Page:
Challenges transform runanga CEO

Debbie Packer

Being treated differently is something Debbie Ngarewa-Packer knows a thing or two about.

These days she is the head of Te Runanga o Ngati Ruanui and oversees a treaty settlement portfolio worth about $60 million but she admits has never quite shaken the stigma attached to her when she was a 19-year-old single mother.

After leaving an abusive relationship, Ngarewa-Packer said she refused to go onto a benefit and worked multiple jobs, without a car, while raising her daughter.

“I struggled like hell.”

But she did not let this experience define her and used it as motivation to prove to others she could still succeed in life.

“I think it drew a fire in my belly.”

After getting a cadetship at the Department of Maori Affairs she moved into the Television New Zealand’s sales and marketing team before taking on a role with New Zealand’s iwi radio stations.

However, she made a conscious decision to move back to Taranaki as she had a desire to be back home and work with her own people.

After serving as South Taranaki’s deputy mayor for a time, she now sits on the Tui Ora board and was recently appointed to the Maori Economic Development Panel.

However, she still finds it hard to call herself a leader, especially as the people she looked up to, including her father Hemi, were still alive and active in the community.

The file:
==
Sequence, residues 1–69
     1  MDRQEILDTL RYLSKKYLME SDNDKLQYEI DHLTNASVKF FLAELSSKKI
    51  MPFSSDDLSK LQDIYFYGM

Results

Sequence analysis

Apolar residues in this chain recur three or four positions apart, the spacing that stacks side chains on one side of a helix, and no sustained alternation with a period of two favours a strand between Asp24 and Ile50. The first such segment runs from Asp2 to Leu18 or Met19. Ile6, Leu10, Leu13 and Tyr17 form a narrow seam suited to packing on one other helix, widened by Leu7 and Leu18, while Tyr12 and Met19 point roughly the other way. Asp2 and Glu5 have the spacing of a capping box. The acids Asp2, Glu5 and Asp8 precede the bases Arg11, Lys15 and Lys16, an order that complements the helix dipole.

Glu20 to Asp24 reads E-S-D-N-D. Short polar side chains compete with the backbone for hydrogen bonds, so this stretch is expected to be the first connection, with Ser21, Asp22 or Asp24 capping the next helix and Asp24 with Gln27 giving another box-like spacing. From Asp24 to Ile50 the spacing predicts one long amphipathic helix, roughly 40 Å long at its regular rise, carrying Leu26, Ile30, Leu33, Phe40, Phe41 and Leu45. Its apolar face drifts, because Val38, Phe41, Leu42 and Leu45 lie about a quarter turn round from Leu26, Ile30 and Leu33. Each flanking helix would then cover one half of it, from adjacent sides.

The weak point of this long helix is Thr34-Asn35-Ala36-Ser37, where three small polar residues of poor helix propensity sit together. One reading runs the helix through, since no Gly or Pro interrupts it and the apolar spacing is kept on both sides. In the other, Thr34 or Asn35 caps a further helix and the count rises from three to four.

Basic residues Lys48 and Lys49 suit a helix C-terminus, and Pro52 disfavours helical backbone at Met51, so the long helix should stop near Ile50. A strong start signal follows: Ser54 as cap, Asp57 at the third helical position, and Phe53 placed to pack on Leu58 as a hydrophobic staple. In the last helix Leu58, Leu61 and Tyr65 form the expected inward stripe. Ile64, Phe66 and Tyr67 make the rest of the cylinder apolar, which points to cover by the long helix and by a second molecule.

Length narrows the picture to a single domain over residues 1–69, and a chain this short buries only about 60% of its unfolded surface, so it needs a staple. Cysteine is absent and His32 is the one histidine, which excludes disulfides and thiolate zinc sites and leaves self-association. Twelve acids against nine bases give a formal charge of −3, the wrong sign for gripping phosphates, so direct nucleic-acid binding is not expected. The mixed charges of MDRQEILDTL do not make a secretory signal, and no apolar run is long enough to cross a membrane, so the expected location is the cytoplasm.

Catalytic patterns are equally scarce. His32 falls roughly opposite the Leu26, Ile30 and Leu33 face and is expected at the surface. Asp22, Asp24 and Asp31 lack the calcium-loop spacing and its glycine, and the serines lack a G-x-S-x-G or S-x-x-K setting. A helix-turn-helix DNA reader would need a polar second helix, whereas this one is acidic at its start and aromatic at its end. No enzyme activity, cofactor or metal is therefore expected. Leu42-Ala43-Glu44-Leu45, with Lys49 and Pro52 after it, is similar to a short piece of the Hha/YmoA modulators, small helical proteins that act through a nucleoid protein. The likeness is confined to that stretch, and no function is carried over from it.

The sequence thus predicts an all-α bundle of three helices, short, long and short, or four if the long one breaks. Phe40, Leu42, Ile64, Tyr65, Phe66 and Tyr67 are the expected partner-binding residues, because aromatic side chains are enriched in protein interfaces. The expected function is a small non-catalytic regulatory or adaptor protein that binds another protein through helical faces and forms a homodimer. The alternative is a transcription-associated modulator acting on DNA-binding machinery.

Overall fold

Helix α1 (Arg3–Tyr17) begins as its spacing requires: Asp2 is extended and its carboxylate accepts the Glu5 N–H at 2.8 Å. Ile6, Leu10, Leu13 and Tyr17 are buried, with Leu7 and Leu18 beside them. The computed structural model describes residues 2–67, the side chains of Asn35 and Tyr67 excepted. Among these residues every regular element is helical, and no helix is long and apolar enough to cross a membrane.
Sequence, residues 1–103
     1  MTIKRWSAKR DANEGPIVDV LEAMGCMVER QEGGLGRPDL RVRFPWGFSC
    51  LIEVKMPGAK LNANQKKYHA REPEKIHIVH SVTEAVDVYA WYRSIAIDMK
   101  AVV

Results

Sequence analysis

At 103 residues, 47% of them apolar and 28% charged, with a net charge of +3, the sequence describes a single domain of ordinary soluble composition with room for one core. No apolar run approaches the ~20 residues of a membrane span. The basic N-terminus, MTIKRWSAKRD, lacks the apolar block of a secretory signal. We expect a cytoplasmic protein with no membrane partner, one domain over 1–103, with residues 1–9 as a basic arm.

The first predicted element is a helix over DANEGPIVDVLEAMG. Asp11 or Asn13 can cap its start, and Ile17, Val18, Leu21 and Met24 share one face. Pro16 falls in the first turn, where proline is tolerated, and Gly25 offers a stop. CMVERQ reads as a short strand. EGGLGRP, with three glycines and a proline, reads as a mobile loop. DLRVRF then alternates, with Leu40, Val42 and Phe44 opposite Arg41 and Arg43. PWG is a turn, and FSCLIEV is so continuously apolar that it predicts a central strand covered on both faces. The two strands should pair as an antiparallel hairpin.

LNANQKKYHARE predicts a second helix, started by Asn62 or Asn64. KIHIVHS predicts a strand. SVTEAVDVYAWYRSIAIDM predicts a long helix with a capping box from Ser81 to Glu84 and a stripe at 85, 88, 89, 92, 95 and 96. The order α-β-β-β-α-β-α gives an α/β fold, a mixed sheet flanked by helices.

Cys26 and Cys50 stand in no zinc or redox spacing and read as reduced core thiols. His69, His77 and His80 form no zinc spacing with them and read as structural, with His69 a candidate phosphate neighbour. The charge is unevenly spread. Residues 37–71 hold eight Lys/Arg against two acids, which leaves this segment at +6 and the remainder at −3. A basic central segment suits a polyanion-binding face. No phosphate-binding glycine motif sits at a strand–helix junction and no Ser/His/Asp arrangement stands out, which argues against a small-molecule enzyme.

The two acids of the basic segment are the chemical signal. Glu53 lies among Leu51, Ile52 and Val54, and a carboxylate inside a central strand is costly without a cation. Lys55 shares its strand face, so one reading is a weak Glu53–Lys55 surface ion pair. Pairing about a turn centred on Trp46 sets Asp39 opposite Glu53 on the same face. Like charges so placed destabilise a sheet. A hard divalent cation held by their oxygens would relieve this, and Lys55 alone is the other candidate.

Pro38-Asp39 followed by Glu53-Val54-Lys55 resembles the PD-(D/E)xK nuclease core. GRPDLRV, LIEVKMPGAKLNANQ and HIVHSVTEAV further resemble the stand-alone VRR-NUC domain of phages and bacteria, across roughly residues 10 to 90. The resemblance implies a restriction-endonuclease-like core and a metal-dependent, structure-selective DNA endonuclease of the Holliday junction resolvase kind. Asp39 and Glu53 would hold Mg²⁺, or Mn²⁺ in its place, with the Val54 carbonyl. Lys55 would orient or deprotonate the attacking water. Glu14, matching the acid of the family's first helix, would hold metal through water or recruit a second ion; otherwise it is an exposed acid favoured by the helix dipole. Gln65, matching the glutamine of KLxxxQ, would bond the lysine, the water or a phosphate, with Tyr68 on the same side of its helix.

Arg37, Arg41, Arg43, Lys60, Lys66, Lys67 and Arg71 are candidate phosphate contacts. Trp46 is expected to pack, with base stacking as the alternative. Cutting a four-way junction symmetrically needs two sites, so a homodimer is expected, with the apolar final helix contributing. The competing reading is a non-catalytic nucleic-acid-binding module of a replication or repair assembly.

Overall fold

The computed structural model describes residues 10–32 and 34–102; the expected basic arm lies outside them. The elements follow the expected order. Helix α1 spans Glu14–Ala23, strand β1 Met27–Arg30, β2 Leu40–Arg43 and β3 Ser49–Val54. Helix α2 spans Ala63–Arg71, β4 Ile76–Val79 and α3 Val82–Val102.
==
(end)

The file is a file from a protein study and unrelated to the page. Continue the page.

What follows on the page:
“I feel pipsqueak in comparison to the real rimu trees,” said the mother of three.

Although passionate about her job and the chance she had to make a difference, she said her dedication did have its pitfalls at times.”It’s made me quite a workaholic.”

A lesson she has learned in recent times has been that she needed to look after her own health in order to have the energy to do all the work she signed up for.

One of her recent accomplishments was to complete the Iron Maori triathlon, held in Hawera this month. “It’s quite a movement. It transforms your life.”

While she considered herself an inclusive leader, she said she took the front seat when she needed to on issues, such as Ngati Ruanui’s objection to an application made last year by Trans Tasman Resources (TTR) to mine off the Patea Coast.

The bid was denied by the Environmental Protection Authority and TTR abandoned plans to appeal the decision in December.

Being open to new challenges was also an important part of Ngarewa-Packer’s makeup and was one of the reasons behind her decision to embark on Phd study this year.

She plans to study how whanau groups can move from a position of poverty to financial freedom, an idea inspired by her own transformation.

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